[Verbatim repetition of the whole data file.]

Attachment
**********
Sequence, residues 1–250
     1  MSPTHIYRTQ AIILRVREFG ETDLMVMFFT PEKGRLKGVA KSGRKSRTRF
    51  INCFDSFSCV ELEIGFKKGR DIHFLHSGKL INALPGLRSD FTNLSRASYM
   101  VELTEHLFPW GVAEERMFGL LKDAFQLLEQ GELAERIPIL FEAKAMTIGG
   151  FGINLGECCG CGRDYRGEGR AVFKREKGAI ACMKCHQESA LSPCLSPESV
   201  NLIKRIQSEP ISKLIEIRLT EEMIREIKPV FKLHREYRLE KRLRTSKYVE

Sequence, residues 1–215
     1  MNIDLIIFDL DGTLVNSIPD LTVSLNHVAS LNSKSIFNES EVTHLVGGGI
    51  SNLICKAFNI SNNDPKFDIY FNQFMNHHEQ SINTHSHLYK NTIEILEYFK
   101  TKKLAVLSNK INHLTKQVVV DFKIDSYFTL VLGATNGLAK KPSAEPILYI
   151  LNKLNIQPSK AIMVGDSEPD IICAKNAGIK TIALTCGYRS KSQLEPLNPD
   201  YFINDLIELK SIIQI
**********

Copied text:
Sequence, residues 1–250
     1  MSPTHIYRTQ AIILRVREFG ETDLMVMFFT PEKGRLKGVA KSGRKSRTRF
    51  INCFDSFSCV ELEIGFKKGR DIHFLHSGKL INALPGLRSD FTNLSRASYM
   101  VELTEHLFPW GVAEERMFGL LKDAFQLLEQ GELAERIPIL FEAKAMTIGG
   151  FGINLGECCG CGRDYRGEGR AVFKREKGAI ACMKCHQESA LSPCLSPESV
   201  NLIKRIQSEP ISKLIEIRLT EEMIREIKPV FKLHREYRLE KRLRTSKYVE

Sequence, residues 1–215
     1  MNIDLIIFDL DGTLVNSIPD LTVSLNHVAS LNSKSIFNES EVTHLVGGGI
    51  SNLICKAFNI SNNDPKFDIY FNQFMNHHEQ SINTHSHLYK NTIEILEYFK
   101  TKKLAVLSNK INHLTKQVVV DFKIDSYFTL VLGATNGLAK KPSAEPILYI
   151  LNKLNIQPSK AIMVGDSEPD IICAKNAGIK TIALTCGYRS KSQLEPLNPD
   201  YFINDLIELK SIIQI